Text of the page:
Mohammad Sadat Khansari
Assadollah Assadi, the Iranian diplomat-terrorist
A court in Antwerp, Belgium will announce its verdict about Iran’s diplomat-terrorist Assadollah Assadi and his three accomplices on February 4. 2021.
According to Belgian prosecutors and based on the evidence, the Iranian regime had tasked Assadi and three other terrorists to target the Iranian opposition rally in France on June 30, 2018. According to the prosecutors, the primary target was Mrs. Maryam Rajavi, the opposition’s president-elect. Assadi had instructed his operatives to plant the bomb as close as possible to her.
In an article on January 13, the French daily Le Monde revealed how the regime in Iran had mobilized its efforts to save Assadi.
Le Monde revealed that a new piece of evidence in the Belgian investigations, which has been recently published, “confirms the amount of attention that Tehran is paying” to Assadi’s case.
“A note drafted by security and sent to the federal prosecutor’s office, in charge of terrorism cases, detailed, in August 2019, the numerous visits by Iranian officials to Mr. Assadi, then in preventive detention in Belgian Limburg,” Le Monde added.
Le Monde underlined that at least “fourteen personalities” of the regime in Tehran visited Assadi. Besides the regime’s ambassador to France and some Iranian doctors and lawyers living in France and Belgium, “five other visitors, connected to the Iranian government,” visited Assadi, based on the note Le Monde saw.
Iranian diplomat Assadollah Assadi faces terrorism trial in Belgium court
“They had come from Tehran as a delegation and told Belgium that they were members of the foreign ministry. However, the Belgian authorities have only been able to identify three of them.”
Le Monde then referred to Mrs. Rajavi’s testimony, during which she “gave investigators a note detailing the role of some of these officials. One of them was, in fact, one of the main leaders of the Ministry of Intelligence and Security, in charge of overseeing agents stationed in foreign countries and acting undercover.”
“A special committee bringing together different services has also been set up in Tehran to follow up on the Assadi case,” Le Monde wrote, adding, “Assadi threatened Belgium with possible retaliation if it condemns him.”
Besides its diplomatic pressure, the regime has tried to use its hostage-taking tool and blackmailing campaign to force Belgian authorities to release Assadi.
Simultaneous with Assadi’s trial, the regime announced it would execute Ahmadreza Djalali, an Iranian-Swedish academic who taught in Belgium. In reaction to the regime’s extortion campaign, the Belgian Parliament adopted a resolution, threatening to cut all relations with Tehran’s regime if Mr. Djalali was executed. The regime was thus forced to momentarily halt his execution.
Having failed to blackmail Belgium, the regime tried to undermine the Belgian court’s legitimacy of holding Assadi on trial.
Despite having its diplomat-terrorist caught red-handed, Tehran’s regime has tried to portray him as an innocent “diplomat” on duty.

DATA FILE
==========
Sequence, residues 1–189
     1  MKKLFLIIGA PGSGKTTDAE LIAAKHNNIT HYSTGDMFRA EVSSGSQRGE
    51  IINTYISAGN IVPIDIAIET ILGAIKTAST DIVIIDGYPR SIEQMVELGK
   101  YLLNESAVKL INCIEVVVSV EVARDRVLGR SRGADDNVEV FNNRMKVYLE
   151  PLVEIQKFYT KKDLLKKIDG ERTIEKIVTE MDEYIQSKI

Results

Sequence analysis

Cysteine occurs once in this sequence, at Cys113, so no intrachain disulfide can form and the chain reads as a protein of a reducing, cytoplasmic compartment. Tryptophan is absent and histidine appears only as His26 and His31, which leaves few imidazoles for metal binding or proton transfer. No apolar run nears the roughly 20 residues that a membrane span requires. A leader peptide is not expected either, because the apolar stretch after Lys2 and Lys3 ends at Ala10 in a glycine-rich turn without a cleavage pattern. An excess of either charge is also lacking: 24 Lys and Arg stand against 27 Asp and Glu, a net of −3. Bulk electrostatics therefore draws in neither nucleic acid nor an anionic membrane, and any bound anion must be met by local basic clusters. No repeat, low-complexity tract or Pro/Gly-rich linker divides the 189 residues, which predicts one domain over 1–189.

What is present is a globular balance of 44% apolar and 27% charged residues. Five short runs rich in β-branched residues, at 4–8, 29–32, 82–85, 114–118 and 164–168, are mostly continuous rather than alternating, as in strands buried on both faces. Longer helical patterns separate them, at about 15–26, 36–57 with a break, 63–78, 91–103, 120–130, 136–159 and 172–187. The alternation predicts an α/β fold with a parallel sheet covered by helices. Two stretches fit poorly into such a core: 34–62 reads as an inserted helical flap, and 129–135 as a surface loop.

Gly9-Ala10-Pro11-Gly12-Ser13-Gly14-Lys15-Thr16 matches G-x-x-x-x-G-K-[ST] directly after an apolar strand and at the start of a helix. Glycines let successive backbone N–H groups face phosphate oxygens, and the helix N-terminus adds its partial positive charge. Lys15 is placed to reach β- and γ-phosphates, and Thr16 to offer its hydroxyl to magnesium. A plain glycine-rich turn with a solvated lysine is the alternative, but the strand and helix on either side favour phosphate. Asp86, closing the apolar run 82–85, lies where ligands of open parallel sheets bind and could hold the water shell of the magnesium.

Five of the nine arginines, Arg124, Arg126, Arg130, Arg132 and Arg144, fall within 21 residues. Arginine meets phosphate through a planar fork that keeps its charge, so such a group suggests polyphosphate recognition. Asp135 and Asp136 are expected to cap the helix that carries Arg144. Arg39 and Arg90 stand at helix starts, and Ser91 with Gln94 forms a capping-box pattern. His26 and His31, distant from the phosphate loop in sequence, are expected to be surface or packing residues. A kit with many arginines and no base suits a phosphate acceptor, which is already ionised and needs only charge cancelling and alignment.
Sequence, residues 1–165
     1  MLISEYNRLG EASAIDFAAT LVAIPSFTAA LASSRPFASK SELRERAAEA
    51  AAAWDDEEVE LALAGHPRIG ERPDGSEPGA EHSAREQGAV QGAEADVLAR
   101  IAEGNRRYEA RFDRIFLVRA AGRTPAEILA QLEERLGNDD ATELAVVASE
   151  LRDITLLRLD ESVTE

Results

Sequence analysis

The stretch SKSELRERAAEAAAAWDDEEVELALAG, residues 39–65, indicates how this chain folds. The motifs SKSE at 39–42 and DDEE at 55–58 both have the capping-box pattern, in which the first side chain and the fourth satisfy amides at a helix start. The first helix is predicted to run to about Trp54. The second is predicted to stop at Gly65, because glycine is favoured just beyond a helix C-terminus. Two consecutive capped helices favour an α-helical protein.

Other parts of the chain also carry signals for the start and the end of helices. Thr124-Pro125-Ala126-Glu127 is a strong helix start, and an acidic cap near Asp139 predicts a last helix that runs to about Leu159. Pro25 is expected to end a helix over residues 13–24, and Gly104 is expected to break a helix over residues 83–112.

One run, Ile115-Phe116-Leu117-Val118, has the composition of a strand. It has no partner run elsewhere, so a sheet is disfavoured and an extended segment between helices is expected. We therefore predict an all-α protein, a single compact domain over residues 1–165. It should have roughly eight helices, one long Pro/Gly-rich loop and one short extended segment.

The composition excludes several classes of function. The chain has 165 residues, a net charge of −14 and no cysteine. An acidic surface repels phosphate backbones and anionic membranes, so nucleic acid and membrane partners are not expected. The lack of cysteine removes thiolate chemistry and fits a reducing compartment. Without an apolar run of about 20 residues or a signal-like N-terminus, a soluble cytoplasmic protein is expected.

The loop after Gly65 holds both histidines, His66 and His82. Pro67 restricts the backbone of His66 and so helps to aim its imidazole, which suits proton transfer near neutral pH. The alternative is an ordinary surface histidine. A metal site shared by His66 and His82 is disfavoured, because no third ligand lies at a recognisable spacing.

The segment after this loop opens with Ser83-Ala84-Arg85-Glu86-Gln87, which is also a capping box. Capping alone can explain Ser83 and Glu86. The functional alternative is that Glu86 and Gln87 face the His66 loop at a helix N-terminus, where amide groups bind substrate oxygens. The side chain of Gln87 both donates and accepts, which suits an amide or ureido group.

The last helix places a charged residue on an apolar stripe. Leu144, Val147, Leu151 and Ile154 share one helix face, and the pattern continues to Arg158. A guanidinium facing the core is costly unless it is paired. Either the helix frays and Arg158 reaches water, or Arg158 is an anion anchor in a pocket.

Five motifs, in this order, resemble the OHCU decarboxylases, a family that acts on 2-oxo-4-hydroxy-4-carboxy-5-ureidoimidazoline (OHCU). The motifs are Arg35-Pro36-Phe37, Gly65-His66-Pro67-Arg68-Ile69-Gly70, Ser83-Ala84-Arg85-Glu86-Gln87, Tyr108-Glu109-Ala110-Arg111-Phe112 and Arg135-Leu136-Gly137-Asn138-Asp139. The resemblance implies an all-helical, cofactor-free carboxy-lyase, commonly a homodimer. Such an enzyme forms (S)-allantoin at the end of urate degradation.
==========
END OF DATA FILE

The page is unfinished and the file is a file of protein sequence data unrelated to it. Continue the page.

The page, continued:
A regime that has massacred over 30,000 political prisoners in 1988 and has one of the main perpetrators of this massacre, Ebrahim Raisi, as its Judiciary Chief – who continues the extrajudicial punishments – called the Belgian court “illegitimate.”
Assadi’s trial is historic since it is the first time Iran’s career diplomat has gone on trial for terrorism in Europe and could mark a precedent. Therefore, Assadi’s trial has infuriated the regime.
Since Assadi’s arrest, the regime’s official policy has insisted on Assadi’s so-called “diplomatic immunity” and that the Belgian authorities cannot prosecute Assadi. Despite being caught red-handed, Assadi also repeated the same bogus claim and has refused to appear in court.
Yet, during Assadi’s trial, the prosecutor said that according to Belgium’s 2002 legislation, even if Assadi had diplomatic immunity, Belgian authorities could have arrested him. The prosecutor added that even according to Austrian law, Belgian authorities were entitled to arrest Assadi since he planned to commit mass murder. International law allows authorities to strip Assadi of his diplomatic immunity and arrest him.
Assadi’s trial is the trial of the entire regime. “According to the long investigation by the Belgian justice, state security, and the intelligence service, the whole operation was designed at the highest level in Tehran, in connection with the defendants who had worked for a long time for the [regime’s] Ministry of Intelligence and Security,” Le Monde wrote in this regard.
According to Le Monde, “Jaak Raas, the head of the Belgium security, said the action was instigated ‘in the name of Iran, under its leadership.’”
The 2018 bombing plot was an act of state-sponsored terrorism by the Iranian regime and Assadi was tasked to carry out this plot on behalf of Iran’s Ministry of Intelligence with coordination with the Foreign Ministry.
Assadi has been clinging to his so-called diplomatic immunity. He will continue doing so this since his boss, the regime’s Foreign Minister Mohamad Javad Zarif, who played a crucial role in facilitating the bomb plot, still enjoys his “diplomatic immunity” and is greeted by the European leaders.
Assadi’s trial marks a moment for the EU to end the regime’s terrorism and blackmailing campaign by ending the appeasement policy.
The EU should shut down all Iranian regime’s embassies and expel its so-called “diplomats”. This would undoubtedly send the right message to Tehran that its terrorism on European soil will not be tolerated.